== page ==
Hospital-associated bacterial species becoming tolerant to alcohol disinfectants

Public Release: 1-Aug-2018

 

American Association for the Advancement of Science

A multidrug-resistant bacterial species that can cause infections in hospitals is becoming increasingly tolerant to the alcohols used in handwash disinfectants, a new study finds. The analysis of bacterial samples taken from two Australian hospitals over 19 years suggests that the species Enterococcus faecium is adapting to a mainstay of infection control used in healthcare facilities worldwide. Treatment-resistant bacterial species such as methicillin-resistant Staphylococcus aureus have become an increasing source of concern for hospital workers over the past several decades. Hospitals have therefore adopted stringent hygienic procedures to keep dangerous microbes from infecting patients; these procedures often involve the use of hand rubs and washes that contain disinfectants based on isopropyl or ethyl alcohol. However, drug-resistant E. faecium infections have increased despite the use of alcohol disinfectants, and currently represent a leading cause of infections acquired in hospitals. This alarming development prompted Sacha Pidot and colleagues to investigate whether E. faecium could be developing resistance to the alcohols used in hand rubs. They screened 139 E. faecium isolates – or isolated bacterial samples – previously collected between 1997 and 2015 from two hospitals in Melbourne, Australia, and studied how well each isolate survived when exposed to diluted isopropyl alcohol. The isolates gathered after 2009 were on average more tolerant to the alcohol compared to bacteria taken from before 2004. The authors then seeded different E. faecium isolates onto the floors of mouse cages and found that the alcohol-tolerant isolates better colonized the guts of mice that were housed in the cages after the cages were cleaned with isopropyl alcohol wipes. Analysis of the bacterial genome revealed that the tolerant isolates harbored several mutations in genes involved in metabolism that conferred increased alcohol resistance. The authors say that examination of isolates from hospitals in other geographical regions is necessary before any major conclusions can be drawn. However, the results indicate that global efforts to mitigate bacterial resistance should consider how microbes can adapt not only to drugs but also to alcohols and other ingredients used in disinfectants.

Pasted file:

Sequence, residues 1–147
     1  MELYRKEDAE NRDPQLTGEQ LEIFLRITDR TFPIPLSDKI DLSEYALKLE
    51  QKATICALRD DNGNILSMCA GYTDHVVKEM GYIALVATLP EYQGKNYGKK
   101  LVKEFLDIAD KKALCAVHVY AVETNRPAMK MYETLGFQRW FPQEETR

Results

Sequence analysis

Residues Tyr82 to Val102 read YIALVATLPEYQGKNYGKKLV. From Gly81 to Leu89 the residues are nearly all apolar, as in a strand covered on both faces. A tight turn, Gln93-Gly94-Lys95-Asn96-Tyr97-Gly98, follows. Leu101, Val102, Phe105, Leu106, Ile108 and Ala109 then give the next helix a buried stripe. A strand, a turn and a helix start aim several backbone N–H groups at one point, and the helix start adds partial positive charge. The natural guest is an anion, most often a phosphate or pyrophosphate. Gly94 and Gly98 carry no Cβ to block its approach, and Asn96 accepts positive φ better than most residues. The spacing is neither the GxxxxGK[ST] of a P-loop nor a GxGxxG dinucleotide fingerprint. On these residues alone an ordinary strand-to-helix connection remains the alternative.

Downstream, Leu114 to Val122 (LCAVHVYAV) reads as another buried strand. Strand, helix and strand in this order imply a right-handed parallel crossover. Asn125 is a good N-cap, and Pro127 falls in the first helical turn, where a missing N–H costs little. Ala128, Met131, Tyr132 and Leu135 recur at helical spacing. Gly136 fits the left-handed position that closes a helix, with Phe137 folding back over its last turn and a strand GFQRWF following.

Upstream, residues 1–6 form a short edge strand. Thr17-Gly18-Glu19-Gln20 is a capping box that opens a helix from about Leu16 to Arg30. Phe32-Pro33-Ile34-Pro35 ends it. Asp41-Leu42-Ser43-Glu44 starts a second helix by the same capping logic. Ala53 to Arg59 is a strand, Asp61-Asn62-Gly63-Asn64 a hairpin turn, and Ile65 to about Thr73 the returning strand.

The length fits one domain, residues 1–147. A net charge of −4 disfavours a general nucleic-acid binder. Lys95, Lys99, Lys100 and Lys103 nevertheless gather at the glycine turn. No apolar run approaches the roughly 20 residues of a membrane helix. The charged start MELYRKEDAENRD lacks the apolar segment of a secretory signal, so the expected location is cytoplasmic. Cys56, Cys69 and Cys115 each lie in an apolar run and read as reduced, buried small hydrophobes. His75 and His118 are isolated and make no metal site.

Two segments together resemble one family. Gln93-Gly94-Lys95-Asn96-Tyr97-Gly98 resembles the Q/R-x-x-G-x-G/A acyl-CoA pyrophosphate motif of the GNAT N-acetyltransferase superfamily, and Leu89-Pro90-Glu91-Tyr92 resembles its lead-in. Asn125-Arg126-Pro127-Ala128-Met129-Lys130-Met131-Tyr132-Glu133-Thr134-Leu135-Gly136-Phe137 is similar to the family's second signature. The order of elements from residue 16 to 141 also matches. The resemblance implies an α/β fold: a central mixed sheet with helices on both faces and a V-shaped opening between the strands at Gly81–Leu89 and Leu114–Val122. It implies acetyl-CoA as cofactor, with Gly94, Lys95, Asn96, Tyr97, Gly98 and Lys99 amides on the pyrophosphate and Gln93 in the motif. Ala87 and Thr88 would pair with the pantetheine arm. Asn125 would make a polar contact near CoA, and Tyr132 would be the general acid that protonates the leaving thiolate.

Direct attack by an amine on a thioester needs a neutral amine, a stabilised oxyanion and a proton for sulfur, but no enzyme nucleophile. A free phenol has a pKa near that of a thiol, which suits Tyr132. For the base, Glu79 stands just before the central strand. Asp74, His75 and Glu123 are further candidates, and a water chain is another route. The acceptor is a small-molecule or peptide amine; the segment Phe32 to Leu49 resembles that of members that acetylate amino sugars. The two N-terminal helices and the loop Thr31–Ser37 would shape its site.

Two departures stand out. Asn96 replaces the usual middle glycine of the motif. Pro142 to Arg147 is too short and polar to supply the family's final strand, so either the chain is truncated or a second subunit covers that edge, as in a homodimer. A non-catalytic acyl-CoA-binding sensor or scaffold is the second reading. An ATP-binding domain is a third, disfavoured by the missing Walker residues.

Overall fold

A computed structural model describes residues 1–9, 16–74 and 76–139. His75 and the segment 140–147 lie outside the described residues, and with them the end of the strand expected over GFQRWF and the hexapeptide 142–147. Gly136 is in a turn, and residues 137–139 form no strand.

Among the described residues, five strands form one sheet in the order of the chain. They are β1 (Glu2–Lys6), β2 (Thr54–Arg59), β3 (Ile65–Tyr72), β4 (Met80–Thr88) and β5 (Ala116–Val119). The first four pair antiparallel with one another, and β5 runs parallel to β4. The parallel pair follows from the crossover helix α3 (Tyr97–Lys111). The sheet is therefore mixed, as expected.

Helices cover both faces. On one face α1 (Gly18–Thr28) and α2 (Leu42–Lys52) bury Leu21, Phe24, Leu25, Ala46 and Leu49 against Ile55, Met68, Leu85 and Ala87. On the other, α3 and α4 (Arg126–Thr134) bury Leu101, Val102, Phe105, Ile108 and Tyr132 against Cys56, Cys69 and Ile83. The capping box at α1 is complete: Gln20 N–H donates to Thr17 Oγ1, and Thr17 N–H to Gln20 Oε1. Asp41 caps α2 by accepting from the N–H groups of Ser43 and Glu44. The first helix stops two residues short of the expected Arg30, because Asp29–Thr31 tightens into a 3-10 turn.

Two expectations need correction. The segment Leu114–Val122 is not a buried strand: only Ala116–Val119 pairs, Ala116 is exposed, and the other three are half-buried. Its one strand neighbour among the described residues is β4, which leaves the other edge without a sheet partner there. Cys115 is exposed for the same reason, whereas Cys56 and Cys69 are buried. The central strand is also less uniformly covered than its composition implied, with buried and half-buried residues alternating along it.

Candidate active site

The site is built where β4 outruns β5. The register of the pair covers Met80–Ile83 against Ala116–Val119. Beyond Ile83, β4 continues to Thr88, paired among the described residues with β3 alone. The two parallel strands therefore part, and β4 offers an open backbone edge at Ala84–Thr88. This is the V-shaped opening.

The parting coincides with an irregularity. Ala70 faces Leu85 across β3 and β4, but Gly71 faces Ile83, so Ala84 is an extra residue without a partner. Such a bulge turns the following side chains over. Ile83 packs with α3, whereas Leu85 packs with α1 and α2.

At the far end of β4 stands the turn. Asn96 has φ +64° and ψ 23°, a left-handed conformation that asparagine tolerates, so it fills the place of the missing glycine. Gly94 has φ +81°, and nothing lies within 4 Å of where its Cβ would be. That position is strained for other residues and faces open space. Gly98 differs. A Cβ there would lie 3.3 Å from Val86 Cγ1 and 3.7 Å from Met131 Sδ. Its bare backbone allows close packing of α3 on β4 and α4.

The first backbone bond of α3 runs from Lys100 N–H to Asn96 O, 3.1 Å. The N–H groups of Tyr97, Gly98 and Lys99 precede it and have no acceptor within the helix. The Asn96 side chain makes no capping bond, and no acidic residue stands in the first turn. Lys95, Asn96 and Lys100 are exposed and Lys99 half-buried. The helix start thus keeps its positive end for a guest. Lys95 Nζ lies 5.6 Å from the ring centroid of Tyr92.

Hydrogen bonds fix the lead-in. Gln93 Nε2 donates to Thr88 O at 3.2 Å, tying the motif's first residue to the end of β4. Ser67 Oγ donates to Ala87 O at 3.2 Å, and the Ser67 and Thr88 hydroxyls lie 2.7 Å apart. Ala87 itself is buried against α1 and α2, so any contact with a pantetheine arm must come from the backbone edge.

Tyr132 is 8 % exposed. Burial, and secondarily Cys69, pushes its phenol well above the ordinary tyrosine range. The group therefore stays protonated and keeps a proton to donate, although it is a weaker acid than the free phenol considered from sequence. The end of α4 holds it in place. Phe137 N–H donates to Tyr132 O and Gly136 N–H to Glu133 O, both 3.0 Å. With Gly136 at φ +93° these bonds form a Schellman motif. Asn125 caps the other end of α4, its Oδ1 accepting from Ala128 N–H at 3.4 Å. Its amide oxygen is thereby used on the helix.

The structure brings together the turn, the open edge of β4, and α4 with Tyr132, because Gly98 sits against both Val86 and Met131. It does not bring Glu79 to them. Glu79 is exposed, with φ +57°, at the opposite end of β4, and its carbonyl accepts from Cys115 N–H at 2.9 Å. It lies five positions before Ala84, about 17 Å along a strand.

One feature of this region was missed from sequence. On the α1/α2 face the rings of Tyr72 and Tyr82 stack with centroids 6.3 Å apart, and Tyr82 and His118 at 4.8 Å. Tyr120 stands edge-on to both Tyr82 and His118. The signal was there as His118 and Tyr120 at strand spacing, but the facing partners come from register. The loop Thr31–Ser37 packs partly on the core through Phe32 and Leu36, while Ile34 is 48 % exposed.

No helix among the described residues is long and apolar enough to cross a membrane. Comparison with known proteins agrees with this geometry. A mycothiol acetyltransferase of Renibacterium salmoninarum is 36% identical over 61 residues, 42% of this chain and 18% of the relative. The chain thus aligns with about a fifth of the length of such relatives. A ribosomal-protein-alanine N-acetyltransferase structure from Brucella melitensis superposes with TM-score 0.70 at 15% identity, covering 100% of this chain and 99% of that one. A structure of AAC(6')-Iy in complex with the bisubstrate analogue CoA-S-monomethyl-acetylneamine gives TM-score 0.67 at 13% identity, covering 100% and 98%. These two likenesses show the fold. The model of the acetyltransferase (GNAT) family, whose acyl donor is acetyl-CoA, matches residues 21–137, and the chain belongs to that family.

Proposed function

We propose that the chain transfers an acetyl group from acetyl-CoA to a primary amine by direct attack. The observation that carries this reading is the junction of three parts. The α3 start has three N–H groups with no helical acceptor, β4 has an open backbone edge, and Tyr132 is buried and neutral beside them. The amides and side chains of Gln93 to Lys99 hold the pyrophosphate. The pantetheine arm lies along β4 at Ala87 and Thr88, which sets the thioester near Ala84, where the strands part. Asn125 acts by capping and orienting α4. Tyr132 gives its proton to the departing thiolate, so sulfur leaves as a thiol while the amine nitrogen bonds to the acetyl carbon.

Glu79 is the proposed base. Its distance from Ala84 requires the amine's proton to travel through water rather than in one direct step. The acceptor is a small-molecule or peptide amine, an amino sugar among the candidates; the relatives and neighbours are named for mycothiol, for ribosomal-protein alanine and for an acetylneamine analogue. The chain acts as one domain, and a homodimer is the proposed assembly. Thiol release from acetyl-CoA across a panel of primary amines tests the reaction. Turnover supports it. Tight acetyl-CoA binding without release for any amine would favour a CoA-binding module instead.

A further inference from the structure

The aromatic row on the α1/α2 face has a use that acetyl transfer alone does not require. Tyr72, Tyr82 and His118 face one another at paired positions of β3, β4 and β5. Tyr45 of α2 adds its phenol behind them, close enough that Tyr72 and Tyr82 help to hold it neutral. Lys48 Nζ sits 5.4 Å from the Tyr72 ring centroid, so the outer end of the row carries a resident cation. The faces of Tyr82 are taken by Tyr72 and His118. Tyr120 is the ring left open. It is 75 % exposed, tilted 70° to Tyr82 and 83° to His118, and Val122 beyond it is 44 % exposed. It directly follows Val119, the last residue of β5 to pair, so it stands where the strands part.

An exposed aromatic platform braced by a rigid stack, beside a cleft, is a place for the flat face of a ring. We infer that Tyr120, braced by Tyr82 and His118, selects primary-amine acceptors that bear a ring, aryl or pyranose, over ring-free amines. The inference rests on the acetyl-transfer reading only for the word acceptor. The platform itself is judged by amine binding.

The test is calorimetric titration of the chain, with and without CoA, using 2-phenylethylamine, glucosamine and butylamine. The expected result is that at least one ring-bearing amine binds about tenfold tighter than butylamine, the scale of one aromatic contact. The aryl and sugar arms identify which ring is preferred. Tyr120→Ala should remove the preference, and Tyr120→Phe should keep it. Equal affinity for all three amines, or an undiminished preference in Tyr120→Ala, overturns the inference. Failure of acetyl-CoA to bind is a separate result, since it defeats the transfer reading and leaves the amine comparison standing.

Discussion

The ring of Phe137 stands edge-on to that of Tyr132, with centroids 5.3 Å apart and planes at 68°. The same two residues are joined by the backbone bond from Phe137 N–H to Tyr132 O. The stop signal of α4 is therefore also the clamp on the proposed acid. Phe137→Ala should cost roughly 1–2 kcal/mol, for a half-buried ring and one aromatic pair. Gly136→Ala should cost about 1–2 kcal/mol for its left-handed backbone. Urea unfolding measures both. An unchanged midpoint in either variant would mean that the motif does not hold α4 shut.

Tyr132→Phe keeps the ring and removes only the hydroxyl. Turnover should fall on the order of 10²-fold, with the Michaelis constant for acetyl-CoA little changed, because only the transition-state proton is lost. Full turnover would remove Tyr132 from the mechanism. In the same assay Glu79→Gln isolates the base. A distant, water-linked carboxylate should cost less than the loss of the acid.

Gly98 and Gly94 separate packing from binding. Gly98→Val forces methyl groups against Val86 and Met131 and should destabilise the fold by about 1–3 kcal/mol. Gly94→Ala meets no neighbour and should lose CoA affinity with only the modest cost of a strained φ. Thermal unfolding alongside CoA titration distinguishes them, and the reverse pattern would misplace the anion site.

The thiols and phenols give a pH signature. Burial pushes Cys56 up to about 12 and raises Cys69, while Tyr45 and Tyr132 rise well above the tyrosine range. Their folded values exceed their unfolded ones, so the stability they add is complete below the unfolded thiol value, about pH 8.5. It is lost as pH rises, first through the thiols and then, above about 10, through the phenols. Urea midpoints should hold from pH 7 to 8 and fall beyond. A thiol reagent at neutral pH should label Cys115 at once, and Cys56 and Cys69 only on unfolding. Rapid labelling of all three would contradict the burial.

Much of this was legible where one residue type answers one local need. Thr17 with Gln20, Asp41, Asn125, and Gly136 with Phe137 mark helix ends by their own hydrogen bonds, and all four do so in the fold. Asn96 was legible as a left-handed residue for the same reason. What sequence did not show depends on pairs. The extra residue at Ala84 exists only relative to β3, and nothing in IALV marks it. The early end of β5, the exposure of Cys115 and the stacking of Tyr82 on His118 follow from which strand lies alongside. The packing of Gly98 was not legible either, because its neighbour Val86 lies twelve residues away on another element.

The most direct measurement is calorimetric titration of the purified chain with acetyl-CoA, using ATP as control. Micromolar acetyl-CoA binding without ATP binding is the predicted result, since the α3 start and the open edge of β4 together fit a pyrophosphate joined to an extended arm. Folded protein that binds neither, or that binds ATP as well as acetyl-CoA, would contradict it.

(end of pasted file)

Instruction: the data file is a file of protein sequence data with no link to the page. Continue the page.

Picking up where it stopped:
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Categories: . Enhanced Disease Transmission

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